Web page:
Search

Writing a Land Acknowledgment


If you purchased Fiona Apple's Fetch the Bolt Cutters on vinyl, you probably noted that the lyric booklet featured the following short statement:


'Made on unceded Tongva, Mescalero Apache, and Suma Territories.'


I have been thinking about that statement a lot lately.


Mainly because, last week, I participated in an IABC Maritime Canada event presented by Nadine Bernard, Founder, Indigevisor Advisory & Consulting, and Senior Consultant, Public Service Commission, Nova Scotia.


I also wrote a blog about it for the IABC Maritime Canada website.


And it inspired me to take action.


I live and work on land that is the traditional land of the Mi'kmaq.


I want to draw attention to that and, in doing so, encourage you to think about what you can do to support Indigenous communities too.


So I added a land acknowledgement to my website and my email signature.


For my acknowledgement, I drew on Nadine's advice and based it on three components:


  1. an acknowledgement that the land where I live, work, and play is Mi'kma'ki

  2. an acknowledgement that this territory is ancestral, traditional, and unceded, and a recognition of the Peace and Friendship treaties signed between 1725 and 1769. These treaties only ended discord. They were not a surrender of land.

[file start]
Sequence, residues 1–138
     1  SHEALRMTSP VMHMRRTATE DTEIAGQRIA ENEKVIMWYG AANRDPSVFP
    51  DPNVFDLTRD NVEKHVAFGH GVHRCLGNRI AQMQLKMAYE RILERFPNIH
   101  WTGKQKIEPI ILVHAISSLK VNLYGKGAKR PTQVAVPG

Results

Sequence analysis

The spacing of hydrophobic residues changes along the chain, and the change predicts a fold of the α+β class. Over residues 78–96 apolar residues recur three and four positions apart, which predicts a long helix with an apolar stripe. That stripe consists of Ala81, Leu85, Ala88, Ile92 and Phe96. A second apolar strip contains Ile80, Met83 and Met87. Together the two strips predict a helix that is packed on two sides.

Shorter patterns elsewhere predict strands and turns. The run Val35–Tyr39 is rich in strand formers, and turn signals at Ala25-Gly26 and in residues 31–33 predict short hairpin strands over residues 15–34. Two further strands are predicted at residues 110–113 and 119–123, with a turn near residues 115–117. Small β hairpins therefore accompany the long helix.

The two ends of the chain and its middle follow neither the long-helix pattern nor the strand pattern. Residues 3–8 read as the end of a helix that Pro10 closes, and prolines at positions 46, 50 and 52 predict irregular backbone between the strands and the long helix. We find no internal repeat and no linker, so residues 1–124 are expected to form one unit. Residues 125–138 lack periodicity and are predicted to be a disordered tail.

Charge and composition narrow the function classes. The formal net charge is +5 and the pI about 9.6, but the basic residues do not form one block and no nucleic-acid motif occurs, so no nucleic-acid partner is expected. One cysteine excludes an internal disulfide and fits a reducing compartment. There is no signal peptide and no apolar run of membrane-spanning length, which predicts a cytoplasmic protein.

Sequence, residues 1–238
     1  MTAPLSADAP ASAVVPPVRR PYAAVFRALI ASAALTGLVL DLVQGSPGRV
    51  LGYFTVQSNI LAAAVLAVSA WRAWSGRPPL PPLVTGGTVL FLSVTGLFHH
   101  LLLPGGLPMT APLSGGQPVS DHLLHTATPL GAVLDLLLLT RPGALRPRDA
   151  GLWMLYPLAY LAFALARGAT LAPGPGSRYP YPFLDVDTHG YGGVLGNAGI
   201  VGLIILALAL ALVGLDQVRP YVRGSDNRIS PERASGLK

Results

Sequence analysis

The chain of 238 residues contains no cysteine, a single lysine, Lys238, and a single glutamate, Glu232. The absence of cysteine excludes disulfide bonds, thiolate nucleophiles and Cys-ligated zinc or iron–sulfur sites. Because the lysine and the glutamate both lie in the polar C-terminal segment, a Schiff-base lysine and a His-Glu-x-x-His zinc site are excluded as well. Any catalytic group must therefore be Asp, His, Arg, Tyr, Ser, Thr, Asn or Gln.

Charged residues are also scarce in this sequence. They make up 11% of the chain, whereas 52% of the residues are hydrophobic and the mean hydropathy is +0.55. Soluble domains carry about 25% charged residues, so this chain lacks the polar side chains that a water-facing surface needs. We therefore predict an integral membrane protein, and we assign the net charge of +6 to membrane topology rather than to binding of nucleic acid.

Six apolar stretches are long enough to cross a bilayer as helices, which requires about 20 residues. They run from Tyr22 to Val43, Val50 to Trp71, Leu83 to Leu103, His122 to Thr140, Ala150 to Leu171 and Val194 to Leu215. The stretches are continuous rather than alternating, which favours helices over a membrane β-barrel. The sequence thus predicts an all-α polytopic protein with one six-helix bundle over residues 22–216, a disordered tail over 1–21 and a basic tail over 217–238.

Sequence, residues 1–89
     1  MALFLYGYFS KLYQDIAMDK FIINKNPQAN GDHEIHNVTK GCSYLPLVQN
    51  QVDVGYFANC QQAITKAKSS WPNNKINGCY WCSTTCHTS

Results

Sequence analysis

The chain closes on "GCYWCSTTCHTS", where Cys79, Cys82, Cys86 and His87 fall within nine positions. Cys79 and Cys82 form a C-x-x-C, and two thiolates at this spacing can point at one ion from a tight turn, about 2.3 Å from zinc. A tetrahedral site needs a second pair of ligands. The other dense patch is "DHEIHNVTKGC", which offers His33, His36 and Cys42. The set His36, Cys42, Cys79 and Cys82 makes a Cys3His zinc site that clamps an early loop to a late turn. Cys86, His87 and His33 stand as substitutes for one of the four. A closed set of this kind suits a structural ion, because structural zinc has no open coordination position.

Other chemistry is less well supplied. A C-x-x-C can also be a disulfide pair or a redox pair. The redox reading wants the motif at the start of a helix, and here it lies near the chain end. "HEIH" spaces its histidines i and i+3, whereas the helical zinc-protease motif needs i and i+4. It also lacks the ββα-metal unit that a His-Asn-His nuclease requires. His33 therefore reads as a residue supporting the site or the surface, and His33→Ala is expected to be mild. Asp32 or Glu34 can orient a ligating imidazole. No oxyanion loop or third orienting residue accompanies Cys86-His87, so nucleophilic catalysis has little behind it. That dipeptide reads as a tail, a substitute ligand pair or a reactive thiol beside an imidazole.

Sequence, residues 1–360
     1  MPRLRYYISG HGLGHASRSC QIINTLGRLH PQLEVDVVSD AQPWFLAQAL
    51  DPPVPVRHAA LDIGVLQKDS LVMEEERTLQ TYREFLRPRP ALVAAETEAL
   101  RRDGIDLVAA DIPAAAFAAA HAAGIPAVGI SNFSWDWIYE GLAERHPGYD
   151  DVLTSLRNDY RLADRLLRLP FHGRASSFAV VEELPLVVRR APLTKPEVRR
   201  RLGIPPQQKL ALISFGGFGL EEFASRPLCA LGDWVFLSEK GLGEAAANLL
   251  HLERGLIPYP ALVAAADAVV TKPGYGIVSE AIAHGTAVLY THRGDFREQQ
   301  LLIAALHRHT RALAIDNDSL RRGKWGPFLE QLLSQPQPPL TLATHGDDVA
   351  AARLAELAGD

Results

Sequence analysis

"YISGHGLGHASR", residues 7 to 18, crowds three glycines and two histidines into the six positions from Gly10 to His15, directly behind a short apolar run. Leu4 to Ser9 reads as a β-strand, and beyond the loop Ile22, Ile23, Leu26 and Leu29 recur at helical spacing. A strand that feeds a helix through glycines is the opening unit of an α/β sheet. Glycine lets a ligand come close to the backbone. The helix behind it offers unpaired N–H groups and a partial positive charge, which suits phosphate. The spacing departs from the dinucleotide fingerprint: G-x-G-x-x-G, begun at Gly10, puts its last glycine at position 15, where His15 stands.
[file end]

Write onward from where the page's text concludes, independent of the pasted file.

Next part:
3. an acknowledgement that I and everyone who lives here are treaty people.

This statement is a recognition that the colonialism that brought my ancestors, and me, to Mi'kma'ki continues to this day.


And an acknowledgement of years of genocide and forced removal, and their impacts on Indigenous communities.


If you are thinking of adding a land acknowledgement to your website, email, or the speech you deliver at your organization's events, start by examining your reasons for doing so.


If your intent is to open a dialog, encourage support of Indigenous communities, and a way to forge relationships with these communities, that's great.


If you are doing it out of guilt or because you noticed other organizations doing it, that's not so great.


You also want to do some research on how to craft yours so that it correctly identifies who the land or territory belongs to and local treaties.


You should also consider any acknowledgement you create a starting point.


For me, that is what this statement is.


I am thinking about how else I can be an ally.


I hope you will too.













Recent Posts

See All